The Integrative Family Therapy Supervisor: A Primer

By Craig A. Everett; Robert E. Lee | Go to book overview

Chapter 11

Managing Issues That Interfere with the Supervisoty Process
In this chapter we focus on certain issues and dilemmas that can disrupt a constructive process in the intergenerational training system. These issues involve the relationships existing between supervisors, therapists, and clients. In previous chapters we focused primarily on learning positive, constructive, and supportive skills in becoming a supervisor. Here we focus largely on problems that may occur in the training system interactions and relationships, and we discuss methods to resolve them in a constructive fashion.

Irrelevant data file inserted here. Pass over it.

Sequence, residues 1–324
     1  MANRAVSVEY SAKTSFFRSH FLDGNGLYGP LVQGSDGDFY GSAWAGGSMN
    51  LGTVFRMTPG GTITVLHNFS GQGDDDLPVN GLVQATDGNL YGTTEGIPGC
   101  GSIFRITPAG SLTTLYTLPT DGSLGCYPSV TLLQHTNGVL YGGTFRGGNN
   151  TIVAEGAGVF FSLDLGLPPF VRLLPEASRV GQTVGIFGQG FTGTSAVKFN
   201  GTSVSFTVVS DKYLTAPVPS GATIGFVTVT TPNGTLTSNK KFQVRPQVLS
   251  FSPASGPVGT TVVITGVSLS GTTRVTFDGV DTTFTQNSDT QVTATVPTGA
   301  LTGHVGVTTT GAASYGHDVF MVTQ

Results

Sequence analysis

Recognizing Glitches in Supervisory Relationships
The relationship goals of supervisors are the same as the goals for therapists. As supervisors we want to be able to:
• Think and intervene systemically, while remembering that the system contains individuals.
• Stay in the room with a client (therapist and/or family unit) physically, emotionally, and intellectually.
• Attend adequately to the structure and dynamics of the training system (and subsystems).
• Adequately access client problems and resources.
• Plan and implement intervention plans consistent with training system resources and goals.
• Continue to assess and flexibly change strategies as needed.

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